Exhumation begins of grave thought to hold more than 1,000 bodies

VUKOVAR, Croatia (AP) — Forensic experts started digging Tuesday at a mass grave in the war-devastated eastern city of Vukovar — a site where they expect to find more than 1,000 bodies.
The victims are believed to be mostly Croat soldiers and civilians killed during the October 1991 siege of Vukovar, or rounded up and executed by the Yugoslav army and Serb paramilitary troops after the city’s fall three months later.
Some of the bloodiest fighting in the six-month Serb-Croat war took place in Vukovar. Thousands were killed in the Serb rebellion that came after Croatia declared independence from Serb-dominated Yugoslavia, and the once-picturesque Baroque town was reduced to little more than rubble.
Most of the bodies were packed in now-tattered black plastic bags, revealing skulls and other bone fragments.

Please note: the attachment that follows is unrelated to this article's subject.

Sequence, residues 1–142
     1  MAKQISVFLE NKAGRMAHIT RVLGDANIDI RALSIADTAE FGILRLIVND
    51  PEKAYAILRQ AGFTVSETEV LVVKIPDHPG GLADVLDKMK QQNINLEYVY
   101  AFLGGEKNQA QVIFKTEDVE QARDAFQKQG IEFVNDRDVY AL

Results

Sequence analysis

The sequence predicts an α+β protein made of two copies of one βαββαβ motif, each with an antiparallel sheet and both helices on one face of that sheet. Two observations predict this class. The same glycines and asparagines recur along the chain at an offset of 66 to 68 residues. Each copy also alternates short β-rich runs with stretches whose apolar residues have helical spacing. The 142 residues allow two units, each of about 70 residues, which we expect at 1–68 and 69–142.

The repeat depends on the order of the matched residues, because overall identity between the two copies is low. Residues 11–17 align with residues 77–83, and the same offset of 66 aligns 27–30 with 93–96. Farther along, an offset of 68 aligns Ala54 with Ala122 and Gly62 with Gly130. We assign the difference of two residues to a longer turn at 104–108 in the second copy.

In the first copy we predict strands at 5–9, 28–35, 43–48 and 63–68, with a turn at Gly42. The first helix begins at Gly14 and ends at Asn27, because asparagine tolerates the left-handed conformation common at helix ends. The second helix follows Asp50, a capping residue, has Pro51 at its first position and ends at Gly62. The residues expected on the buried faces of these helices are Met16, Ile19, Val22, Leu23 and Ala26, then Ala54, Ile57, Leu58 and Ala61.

About 40 more bodies were expected to be unearthed shortly. Twelve other trenches nearby should yield about 1,120 bodies, Grujic said.
The bodies were being carried individually to a tent for identification. The missing persons team expects to identify at least 940 missing people.
The exhumations were not performed earlier because the area only reverted to government control in January and mines had to be removed.
Three former Yugoslav army officers and a local Serb mayor have been indicted for war crimes by the U.N. tribunal over the alleged slaughter of 261 patients from a nearby hospital. The bodies were buried in a mass grave at Ovcara, on the outskirts of Vukovar.